DALLAS - The deep threat has been removed from Oregon quarterback Marcus Mariota's substantial arsenal with the suspension of wide receiver Darren Carrington for Monday night's College Football Playoff championship game.
Ducks coach Mark Helfrich confirmed Saturday that Carrington, who leads Oregon with an average of 19.0 yards per catch, violated an NCAA policy.
"It will not be a distraction," Helfrich said. "He's ineligible for this game, and we'll ride."
The Associated Press and Comcast Sports Net Northwest, citing sources with direct knowledge, reported Carrington failed an NCAA-administered drug test for marijuana. Although Carring- ton started only one game this season, he was a major factor in the Ducks' past two games, catching seven passes for 165 yards and two touchdowns in the Rose Bowl win over Florida State and making another seven catches for 126 yards and a TD in the Pac-12 title win over Arizona.
"I think it's a big-time loss that he won't be here," starting wide receiver Dwayne Stanford said. "But the offense has been dealing with losses all year, and each time we took a body blow, we've been able to counterpunch and come out on top."
The Ducks now are without injured wideout Devon Allen and tight end Pharaoh Brown in addition to Carrington. But they have the same trio of wide receivers that started against Florida State in converted running back Byron Marshall (66 catches, 5 TDs), Keanon Lowe (25-4) and Stanford (39-6). Backup Charles Nelson (21-5) joins the rotation.
Commenting on Carrington's loss, Mariota said, "He's a huge playmaker for us, but at the same time, that receiving corps has had so many players step up."
Helfrich said the offense isn't designed to feature one receiver more than another, which is why they go through "spurts of productivity." Carrington's spurt was notable for its timing, but Marshall said it's a function of Mariota's reads.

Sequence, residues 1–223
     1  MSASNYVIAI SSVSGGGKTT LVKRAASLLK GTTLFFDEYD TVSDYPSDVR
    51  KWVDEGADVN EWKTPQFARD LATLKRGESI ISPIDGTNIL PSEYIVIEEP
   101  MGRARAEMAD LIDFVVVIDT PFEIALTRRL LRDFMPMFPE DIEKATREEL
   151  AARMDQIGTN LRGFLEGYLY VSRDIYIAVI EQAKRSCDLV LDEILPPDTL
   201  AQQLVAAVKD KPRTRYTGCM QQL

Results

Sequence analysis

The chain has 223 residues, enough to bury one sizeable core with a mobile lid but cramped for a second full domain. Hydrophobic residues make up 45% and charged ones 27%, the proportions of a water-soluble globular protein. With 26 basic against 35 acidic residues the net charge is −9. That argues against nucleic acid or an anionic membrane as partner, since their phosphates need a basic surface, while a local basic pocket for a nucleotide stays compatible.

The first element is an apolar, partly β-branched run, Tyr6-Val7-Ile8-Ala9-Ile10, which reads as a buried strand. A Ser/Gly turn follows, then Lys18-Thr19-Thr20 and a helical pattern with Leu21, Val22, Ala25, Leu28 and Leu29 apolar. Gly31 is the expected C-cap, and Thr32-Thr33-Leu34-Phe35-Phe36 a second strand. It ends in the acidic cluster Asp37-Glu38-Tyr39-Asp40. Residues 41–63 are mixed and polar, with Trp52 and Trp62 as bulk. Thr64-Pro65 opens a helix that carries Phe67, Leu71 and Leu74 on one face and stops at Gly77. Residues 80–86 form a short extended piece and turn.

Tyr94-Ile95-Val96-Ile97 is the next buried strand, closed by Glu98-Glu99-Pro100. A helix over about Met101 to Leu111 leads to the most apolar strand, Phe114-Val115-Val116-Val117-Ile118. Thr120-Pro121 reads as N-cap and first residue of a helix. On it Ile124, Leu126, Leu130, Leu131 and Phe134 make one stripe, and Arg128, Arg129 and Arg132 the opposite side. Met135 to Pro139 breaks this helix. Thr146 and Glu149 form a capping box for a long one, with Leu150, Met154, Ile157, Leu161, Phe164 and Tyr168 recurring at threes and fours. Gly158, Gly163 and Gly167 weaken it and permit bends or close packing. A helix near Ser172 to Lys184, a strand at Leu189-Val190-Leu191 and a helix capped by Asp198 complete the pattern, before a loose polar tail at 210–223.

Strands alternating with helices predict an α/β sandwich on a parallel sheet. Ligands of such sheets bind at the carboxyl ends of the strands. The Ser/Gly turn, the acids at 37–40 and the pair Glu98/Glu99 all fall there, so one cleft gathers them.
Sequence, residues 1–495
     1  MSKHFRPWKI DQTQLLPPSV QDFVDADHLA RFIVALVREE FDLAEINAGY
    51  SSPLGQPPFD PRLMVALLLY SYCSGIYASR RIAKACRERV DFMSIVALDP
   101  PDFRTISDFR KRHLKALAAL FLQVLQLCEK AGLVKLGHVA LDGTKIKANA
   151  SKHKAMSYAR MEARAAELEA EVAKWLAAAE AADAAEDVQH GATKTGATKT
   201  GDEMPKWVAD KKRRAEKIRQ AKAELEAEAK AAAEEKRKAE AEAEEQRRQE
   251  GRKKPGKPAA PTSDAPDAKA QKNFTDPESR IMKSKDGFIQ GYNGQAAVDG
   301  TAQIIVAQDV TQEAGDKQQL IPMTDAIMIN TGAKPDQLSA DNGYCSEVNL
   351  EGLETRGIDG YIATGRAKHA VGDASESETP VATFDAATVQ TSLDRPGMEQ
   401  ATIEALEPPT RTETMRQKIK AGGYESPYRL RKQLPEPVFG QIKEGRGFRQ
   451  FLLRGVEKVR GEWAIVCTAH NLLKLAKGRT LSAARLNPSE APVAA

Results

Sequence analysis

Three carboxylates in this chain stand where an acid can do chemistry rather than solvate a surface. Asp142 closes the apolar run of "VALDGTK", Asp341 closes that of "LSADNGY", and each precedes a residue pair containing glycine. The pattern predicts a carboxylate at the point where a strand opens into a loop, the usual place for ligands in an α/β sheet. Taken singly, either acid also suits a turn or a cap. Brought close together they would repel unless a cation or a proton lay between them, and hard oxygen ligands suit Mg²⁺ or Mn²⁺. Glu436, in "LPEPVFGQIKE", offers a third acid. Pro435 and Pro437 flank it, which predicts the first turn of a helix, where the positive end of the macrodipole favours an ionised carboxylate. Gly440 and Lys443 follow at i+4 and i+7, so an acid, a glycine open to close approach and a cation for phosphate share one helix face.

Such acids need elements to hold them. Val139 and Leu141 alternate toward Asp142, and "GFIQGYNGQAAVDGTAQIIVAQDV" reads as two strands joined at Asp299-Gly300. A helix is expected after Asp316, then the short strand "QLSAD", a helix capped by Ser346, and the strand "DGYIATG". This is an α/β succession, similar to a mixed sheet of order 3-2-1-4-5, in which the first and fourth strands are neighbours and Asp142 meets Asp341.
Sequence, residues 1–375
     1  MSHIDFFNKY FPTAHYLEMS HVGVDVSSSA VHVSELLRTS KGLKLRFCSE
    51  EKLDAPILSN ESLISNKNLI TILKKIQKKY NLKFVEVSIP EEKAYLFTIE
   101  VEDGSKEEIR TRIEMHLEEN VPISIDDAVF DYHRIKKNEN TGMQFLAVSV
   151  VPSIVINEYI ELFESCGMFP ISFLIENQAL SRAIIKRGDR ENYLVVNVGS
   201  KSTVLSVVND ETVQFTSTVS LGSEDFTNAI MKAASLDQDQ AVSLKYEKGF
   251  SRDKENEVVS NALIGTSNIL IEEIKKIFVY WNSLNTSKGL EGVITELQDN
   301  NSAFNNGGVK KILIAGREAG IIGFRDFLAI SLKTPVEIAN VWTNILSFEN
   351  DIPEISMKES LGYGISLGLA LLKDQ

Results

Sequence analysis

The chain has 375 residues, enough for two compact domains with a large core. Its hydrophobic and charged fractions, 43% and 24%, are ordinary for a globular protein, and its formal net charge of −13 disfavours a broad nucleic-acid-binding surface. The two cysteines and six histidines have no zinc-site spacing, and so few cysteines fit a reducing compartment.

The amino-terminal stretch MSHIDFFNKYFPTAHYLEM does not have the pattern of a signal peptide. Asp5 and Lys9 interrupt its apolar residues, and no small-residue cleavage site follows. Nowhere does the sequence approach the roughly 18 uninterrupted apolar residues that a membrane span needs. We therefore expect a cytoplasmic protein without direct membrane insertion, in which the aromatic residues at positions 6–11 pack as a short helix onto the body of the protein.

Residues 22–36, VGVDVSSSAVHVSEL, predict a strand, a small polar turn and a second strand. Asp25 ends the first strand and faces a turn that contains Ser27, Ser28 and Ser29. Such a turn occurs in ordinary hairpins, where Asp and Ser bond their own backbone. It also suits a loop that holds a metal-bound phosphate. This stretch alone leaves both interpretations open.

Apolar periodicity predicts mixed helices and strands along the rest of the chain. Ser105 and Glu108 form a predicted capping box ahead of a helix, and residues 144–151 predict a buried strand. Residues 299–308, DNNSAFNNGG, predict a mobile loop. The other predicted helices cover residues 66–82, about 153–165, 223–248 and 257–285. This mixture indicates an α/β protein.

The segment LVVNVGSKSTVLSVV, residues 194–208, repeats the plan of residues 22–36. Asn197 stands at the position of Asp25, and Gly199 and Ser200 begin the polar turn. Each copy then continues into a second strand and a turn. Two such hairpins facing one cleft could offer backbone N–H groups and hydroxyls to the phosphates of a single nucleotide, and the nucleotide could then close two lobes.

"Marcus just goes through his progressions," Marshall said. "He doesn't try to force anything. In this game, he'll take what's out there and make good plays and smart decisions."
No one will be more motivated to fill the receiving void than Stanford, who came to Oregon out of Cincinnati's Taft High School and will be facing his best friend and former Taft teammate in Ohio State defensive tackle Adolphus Washington.
"It's a sense of pride to be from Taft, and to have two players playing for the national championship and know that one will be able to go back to our high school with a ring is really a blessing," Stanford said.
The Buckeyes' Washington said he and Stanford became best friends in the third or fourth grade. "We're more like brothers than friends," Washington said. "Our parents worked at a community rec center, and we used to always see each other there."
They've been texting back and forth all season, and it has only intensified this week. "There will definitely be some trash talk between us," Stanford said.
As a defensive tackle, Washington obviously can't cover his buddy, but he had a warning: "When he comes back for those screen passes, he better watch out because he knows I'm coming."